Food Ontario Select Guide: Melons the Tasty Fruit
In this edition of the Food Ontario Select Guide we feature Melons. Melons originated in the Middle East thousands of years ago but have become firmly entrenched in our North American cuisine. Versatile and easy to use, melons are more than just plain old throwaway fruit garnishes. They have found their place in every food course from cocktails, appetizers and kabob skewers to soups, salsas, salads, main entrees and desserts.
Your local produce shops carry a wide variety of melons besides the usual triad of watermelon/ honeydew/ cantaloupe. Casaba, Crenshaw, Persian and types of Muskmelon are some of the other popular varieties. But don’t stop there – there are more new varieties from Asia popping up at local markets everywhere just begging to be tasted.
Melons are not only sweet and cooling on hot summer days, they are also non-fattening and nutritious. All melons are packed with antioxidants and are a good source of vitamin C and potassium. They are low in calories and cholesterol-free which means they are good for you.
When picking melons choose ones that are firm not bruised or damaged. Those with bruises and bumps on the outer rind should be avoided as the inside flesh could have become contaminated. Some melons have blemishes on the outer rind but this is usually because that was the side the melon was resting on during its growing stage. Overripe melons may smell ‘funky’ so avoid them. Pre-cut melons should always be refrigerated at 40 degrees F. Melons are best eaten fresh but can be stored in the refrigerator for a couple of days.
One melon that is synonymous with childhood picnics is the Watermelon. As a starter for outdoor entertaining consider a salad of cubed, seedless watermelon, thinly sliced red onion, crumbled feta cheese, basil ribbons tossed with a pinch of sea salt, cracked black pepper and a drizzle of light extra virgin olive oil. Throw in thinly sliced jalapenos if you can handle a higher spice-meter. Watermelon juice makes a great martini when mixed with vodka. Watermelon slushies are great for kids when added to orange juice and ginger ale.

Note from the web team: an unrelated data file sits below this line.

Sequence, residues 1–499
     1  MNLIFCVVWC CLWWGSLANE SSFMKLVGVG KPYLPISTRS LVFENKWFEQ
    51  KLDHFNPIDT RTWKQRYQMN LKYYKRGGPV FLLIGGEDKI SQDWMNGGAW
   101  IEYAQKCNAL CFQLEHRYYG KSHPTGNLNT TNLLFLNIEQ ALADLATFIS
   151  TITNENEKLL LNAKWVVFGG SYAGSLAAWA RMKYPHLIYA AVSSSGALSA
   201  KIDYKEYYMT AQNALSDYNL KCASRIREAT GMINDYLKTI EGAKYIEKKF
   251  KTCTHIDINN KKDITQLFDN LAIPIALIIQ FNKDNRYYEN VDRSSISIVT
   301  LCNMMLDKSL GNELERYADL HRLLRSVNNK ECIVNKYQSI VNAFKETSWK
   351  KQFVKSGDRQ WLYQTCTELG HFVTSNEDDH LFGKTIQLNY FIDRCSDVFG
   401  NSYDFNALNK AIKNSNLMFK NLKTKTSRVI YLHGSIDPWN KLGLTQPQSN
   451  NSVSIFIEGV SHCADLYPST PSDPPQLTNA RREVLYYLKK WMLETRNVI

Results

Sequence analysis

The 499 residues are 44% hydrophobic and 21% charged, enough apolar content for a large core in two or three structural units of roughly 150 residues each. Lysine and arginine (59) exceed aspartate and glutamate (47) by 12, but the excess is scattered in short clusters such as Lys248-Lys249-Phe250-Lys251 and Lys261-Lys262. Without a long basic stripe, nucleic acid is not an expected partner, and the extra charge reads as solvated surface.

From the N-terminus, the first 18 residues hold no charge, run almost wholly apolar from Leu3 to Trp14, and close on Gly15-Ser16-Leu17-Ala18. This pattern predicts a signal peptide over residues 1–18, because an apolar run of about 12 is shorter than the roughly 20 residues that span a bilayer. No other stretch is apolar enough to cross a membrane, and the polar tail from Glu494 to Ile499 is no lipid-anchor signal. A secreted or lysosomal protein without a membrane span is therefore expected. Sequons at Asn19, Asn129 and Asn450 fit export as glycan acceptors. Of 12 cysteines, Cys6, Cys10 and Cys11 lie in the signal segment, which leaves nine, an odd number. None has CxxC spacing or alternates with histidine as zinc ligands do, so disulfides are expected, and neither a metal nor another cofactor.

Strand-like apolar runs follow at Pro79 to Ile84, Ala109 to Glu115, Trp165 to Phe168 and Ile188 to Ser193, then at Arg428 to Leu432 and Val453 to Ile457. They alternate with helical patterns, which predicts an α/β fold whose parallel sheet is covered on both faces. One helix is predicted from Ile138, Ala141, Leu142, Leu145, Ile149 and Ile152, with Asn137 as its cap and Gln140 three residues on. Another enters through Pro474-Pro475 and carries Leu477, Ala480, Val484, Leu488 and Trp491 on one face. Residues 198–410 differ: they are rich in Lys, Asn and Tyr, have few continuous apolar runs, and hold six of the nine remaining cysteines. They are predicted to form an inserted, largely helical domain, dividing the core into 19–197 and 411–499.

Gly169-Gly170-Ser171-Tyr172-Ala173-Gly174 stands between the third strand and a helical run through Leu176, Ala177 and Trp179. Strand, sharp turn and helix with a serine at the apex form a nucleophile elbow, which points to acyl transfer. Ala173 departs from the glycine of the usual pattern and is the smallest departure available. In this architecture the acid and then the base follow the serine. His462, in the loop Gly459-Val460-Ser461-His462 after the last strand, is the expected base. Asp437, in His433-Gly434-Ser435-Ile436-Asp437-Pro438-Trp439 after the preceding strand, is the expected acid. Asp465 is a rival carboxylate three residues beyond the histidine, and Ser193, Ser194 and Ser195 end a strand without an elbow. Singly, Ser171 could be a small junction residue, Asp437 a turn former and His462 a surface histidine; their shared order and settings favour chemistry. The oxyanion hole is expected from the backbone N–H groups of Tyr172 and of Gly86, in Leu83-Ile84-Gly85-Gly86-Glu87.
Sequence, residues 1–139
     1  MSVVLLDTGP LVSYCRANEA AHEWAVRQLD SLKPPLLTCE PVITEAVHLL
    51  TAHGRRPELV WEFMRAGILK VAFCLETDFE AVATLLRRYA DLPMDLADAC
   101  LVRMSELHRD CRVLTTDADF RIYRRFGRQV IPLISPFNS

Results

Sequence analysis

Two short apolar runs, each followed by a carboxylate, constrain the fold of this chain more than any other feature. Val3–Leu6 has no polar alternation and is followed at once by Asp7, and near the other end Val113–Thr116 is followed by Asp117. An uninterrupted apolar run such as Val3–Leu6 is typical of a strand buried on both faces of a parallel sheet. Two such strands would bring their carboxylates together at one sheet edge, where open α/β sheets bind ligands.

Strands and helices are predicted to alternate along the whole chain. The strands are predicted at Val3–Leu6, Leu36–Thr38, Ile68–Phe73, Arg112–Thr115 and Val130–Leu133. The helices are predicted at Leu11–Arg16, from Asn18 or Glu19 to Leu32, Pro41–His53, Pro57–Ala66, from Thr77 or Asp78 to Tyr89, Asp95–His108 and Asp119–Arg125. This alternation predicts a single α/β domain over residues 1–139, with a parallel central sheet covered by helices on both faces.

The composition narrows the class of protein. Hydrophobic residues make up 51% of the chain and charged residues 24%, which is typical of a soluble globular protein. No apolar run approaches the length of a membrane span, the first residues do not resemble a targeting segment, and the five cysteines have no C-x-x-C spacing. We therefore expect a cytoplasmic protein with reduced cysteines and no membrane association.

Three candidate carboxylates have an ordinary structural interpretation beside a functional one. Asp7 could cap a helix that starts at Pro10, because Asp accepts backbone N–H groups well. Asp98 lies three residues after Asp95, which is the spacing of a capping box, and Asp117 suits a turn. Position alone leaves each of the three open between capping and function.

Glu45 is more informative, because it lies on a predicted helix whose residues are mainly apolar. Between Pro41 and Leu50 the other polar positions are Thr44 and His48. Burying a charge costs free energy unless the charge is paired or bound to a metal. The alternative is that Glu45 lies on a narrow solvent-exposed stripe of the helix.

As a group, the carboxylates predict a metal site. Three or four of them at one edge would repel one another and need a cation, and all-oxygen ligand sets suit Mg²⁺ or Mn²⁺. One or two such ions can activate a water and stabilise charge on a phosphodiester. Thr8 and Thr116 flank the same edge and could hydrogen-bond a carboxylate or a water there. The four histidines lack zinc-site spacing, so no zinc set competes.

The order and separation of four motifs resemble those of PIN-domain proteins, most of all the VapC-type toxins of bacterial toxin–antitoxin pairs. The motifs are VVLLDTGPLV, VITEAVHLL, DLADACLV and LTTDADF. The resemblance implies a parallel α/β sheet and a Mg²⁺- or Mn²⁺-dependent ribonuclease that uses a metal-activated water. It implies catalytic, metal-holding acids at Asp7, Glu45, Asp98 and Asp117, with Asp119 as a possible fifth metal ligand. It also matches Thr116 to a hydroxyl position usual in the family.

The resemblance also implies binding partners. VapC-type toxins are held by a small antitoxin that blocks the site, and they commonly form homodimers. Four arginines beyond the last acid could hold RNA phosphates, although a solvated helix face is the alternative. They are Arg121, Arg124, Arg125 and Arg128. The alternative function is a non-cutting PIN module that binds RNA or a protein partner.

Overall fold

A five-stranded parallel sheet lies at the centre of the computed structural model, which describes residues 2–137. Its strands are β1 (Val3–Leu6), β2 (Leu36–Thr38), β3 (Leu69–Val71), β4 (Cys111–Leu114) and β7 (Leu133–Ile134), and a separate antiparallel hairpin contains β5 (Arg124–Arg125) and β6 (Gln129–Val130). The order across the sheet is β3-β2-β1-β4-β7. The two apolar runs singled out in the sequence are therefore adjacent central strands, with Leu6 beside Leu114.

Other melon recipe suggestions are taking the traditional prosciutto-wrapped melon appetizer a step further by lightly grilling it on the barbecue. Grilling caramelizes the melon and enhances the sweet taste. Thread honeydew and cantaloupe cubes onto your chicken or scallop kabob skewers. Grill to taste (ensuring meat is cooked to correct temperature). Drizzle over a lime-honey-chili sauce for a taste guaranteed to impress your company. Melons are also great with yogurt and muesli for breakfast.
Instead of the standard tomato gazpacho, dice watermelon and add to diced cucumber, red onion and chopped mint. Toss with salt and pepper to taste, add a small measure of light-tasting grape seed oil. Garnish with a dot of plain yogurt. Or, consider a melon salsa as the perfect accompaniment to garlic prawns, scallops or lightly grilled chicken. If you like big salads for lunch toss in a variety of melon cubes over mixed greens, add a sprinkling of walnuts, toasted pumpkin seeds, crumbled cheese and your favorite dressing. The addition of melons will perk up any of your recipes.
And why stop there – use melons in your dessert. From sorbets and palate cleansers to wonderful main dish accompaniments, melons are easy to use in so many creative ways. Got burgers on the grill? Drop the no name-brand rainbow flavored ice-cream tub and grill melon slices topping them with a drizzle of honey, plain vanilla ice-cream and chopped walnuts. Want to get fancy? Decorate your light summer sponge cake with melon slices and a dollop of melon-flavored whipping cream.
You can safely incorporate melons into your daily diet. Freeze melon balls and use them in place of plain old ice-cubes – your kids will love you for it! Adults with bold tastes will love melon slices seasoned with lime juice and a pinch of cayenne or cracked black pepper – for that extra zing.
Melons pair well with: herbs and spices (mint, tarragon, basil, star anise, pepper, ginger, vanilla, garam masala); sour cream, yogurt and cheeses (the crumbly kind); cured or barbecued meats and seafood not to mention the accompanying sweet wines - (red and white). They also complement other fruit like mango, pineapple, guava, strawberries, blackberries and pears. Add them to your cheese platters in place of the usual bunch of grapes and serve with a deliciously sweet after-dinner port.
Whichever way you like to eat them melons are good for you and with year-round availability they can be easily added to your daily meals for a bit of variety from the usual humdrum starchy sides.
By: Sheila LoGuisto
Images: Supplied by Foodie Photography
Articles on Food Ontario (Toronto):